Mary's Top Matches
About Mary Lee Thompson (Clark)
Mary Clark Thompson (1835 – July 28, 1923), born Mary Lee Clark, was a noted philanthropist and wife of banker Frederick Ferris Thompson.
Mary Lee Clark was born in Naples, New York in 1835 to Myron Holley and Zilpha Watkins Clark. She moved with her family to Canandaigua, New York when she was about two years old.
She attended various schools in Ontario County, including the Ontario Female Seminary.
Mary's father Myron was elected Governor of New York State in 1854, and the family took up residence in Albany, the state's capital. It was in Albany that she met her future husband, Frederick Ferris Thompson, son of prominent New York banker John Thompson. The couple were married on June 17, 1857 in Canandaigua.
Although the Thompson's principal residence was at 283 Madison Avenue in New York City, the couple spent their summers in Mary's girlhood home of Canandaigua on a farm they purchased in 1863. In 1885, they tore down the farmhouse and replaced it with a 40-room Queen-Anne style mansion. They named the home Sonnenberg (German for "sunny hill"), which was the former name of the farmhouse.
Philanthropic Interests and Life as a Widow
The Thompsons became generous benefactors to multiple organizations and established themselves as philanthropists. Some of the more notable institutions benefited by Thompson endowments and donations include Williams College, Vassar College, and Teacher's College (now Columbia University).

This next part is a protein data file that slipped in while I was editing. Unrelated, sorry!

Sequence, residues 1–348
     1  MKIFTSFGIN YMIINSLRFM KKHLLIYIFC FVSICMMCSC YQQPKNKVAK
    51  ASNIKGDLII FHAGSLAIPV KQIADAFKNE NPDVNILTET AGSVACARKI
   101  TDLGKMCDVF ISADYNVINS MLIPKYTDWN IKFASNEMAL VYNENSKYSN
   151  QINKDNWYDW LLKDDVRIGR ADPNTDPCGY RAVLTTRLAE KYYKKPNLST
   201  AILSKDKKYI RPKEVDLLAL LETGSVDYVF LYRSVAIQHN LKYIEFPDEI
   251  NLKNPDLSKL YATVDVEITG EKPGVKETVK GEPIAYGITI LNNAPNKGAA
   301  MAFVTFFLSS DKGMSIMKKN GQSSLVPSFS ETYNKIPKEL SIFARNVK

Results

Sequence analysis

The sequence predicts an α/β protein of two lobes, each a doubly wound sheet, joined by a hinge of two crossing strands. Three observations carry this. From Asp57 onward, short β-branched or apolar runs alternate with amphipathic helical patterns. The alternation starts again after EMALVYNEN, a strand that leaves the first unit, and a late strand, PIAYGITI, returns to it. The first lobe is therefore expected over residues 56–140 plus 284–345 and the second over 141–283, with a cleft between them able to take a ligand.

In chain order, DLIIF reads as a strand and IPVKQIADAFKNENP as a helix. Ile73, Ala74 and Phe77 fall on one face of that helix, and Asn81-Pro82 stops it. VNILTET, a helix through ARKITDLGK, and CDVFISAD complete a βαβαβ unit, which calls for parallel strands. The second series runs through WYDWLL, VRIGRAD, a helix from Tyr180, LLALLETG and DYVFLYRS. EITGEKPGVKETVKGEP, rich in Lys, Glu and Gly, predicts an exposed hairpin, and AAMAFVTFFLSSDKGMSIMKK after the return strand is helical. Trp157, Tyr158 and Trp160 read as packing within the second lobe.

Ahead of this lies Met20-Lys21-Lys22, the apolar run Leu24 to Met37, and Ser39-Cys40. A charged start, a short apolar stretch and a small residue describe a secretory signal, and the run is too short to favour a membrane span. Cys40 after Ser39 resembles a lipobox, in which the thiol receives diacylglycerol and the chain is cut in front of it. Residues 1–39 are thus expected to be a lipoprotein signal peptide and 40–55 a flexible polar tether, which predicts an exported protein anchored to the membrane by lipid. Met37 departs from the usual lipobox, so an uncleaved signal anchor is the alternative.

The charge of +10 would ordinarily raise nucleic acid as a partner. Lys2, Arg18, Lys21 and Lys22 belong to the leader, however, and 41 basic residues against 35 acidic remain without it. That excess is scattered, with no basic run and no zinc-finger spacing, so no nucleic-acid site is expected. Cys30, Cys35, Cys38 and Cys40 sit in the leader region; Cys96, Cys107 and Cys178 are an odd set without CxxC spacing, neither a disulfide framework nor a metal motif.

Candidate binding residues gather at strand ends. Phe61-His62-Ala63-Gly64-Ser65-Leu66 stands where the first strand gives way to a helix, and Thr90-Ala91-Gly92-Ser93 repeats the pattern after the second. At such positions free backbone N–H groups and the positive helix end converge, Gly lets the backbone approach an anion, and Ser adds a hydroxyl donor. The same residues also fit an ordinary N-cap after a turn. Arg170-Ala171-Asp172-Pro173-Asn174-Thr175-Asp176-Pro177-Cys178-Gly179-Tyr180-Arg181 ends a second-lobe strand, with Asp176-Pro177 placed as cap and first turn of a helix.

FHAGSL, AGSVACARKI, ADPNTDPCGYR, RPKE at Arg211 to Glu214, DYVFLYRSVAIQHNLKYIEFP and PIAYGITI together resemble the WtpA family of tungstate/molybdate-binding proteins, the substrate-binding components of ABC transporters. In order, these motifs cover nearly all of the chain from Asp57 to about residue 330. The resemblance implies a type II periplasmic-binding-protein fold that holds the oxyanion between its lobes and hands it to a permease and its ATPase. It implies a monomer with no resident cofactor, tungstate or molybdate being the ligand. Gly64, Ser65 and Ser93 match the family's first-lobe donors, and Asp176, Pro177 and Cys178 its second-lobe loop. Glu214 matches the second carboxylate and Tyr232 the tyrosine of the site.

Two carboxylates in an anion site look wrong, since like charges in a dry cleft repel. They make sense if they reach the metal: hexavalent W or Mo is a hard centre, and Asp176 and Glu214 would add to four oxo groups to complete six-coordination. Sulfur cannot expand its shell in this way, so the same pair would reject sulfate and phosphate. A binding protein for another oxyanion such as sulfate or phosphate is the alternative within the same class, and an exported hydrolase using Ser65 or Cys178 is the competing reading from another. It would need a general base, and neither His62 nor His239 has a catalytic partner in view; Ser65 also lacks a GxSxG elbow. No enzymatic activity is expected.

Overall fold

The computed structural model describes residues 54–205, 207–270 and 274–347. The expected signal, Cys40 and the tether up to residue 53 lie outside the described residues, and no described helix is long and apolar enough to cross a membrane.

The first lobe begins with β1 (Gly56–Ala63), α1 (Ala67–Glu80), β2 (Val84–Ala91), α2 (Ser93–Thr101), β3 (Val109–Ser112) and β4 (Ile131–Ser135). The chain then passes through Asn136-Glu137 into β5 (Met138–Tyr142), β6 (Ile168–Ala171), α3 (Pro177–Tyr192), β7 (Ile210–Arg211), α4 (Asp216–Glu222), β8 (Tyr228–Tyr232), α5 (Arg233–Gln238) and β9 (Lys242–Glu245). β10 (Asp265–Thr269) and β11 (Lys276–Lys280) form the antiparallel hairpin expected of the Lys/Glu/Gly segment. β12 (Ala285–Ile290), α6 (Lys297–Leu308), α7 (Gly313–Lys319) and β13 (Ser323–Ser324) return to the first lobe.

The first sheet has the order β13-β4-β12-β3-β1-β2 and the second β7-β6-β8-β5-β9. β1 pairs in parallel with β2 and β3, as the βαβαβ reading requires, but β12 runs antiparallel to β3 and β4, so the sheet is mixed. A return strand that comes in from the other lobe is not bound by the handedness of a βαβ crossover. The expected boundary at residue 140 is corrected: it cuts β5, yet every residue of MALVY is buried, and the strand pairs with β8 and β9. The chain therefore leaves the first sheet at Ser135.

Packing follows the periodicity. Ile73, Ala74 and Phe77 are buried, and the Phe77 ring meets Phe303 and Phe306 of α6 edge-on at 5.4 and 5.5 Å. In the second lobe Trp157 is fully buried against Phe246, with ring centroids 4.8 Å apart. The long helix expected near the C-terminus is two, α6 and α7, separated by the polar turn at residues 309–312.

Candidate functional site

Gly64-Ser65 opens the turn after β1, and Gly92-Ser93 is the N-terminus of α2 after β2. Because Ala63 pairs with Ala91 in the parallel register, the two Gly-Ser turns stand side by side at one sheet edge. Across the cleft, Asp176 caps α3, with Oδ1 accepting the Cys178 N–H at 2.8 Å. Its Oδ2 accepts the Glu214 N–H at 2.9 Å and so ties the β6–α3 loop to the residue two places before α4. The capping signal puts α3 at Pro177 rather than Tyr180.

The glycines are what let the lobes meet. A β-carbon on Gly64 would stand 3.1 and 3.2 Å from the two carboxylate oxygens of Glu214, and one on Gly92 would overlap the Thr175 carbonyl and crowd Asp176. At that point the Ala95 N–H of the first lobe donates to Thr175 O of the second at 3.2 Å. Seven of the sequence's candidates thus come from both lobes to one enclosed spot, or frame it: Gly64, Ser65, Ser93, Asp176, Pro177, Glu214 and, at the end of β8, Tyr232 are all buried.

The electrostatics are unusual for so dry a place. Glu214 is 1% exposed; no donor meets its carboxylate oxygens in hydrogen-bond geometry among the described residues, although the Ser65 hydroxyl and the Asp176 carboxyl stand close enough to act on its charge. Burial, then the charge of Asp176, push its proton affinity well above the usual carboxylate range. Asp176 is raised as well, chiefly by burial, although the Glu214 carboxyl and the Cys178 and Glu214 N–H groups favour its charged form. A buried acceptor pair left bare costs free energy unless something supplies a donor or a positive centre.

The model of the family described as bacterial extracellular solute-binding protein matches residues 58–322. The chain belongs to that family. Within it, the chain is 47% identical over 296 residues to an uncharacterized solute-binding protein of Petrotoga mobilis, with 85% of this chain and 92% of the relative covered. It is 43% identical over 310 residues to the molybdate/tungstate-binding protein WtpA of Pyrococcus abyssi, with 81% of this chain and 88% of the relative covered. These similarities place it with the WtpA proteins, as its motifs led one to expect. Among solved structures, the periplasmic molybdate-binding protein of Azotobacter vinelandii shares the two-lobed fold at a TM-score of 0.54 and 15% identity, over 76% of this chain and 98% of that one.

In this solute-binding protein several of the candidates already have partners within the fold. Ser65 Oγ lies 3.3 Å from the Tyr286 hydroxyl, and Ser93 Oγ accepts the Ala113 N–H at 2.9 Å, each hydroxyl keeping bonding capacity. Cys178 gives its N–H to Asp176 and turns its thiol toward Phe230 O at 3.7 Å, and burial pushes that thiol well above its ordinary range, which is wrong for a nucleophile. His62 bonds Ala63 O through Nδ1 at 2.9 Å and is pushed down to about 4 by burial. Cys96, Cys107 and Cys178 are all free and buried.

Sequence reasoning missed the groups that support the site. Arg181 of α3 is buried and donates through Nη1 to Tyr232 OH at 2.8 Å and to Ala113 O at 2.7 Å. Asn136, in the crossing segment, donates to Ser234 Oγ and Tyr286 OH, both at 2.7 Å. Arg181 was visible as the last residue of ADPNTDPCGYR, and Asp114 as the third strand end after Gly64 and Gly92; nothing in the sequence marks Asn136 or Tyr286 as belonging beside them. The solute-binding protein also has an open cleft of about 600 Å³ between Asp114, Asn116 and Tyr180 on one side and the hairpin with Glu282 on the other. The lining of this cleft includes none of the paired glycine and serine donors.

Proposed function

Frederick Ferris died in 1899 and Mary soon made Sonnenberg her principal home. She continued to give generously to civic, religious, and educational institutions, though her philanthropic work focused principally on the community in which she lived. In Canandaigua, she established and built the F.F. Thompson Hospital, the Clark Manor House, and the Woodlawn Cemetery chapel. She donated land for the city's post office, and contributed heavily to the local YMCA, the Ontario County historical society, the Wood Library, and numerous local churches.
She also maintained an interest in preserving the history of Native Americans in the New York area, and made multiple contributions to the State Museum in Albany for that purpose.
Her interests also included enjoyment of gardens, and she had a number of formal gardens built at Sonnenberg. Often she would allow the public to come on to her property and walk through her gardens.
Mary Clark Thompson died on July 28, 1923. She is interred at Woodlawn Cemetery, Canandaigua, New York.
Comptroller Clark Williams was her nephew.
Her home, Sonnenberg, is preserved and operated as a museum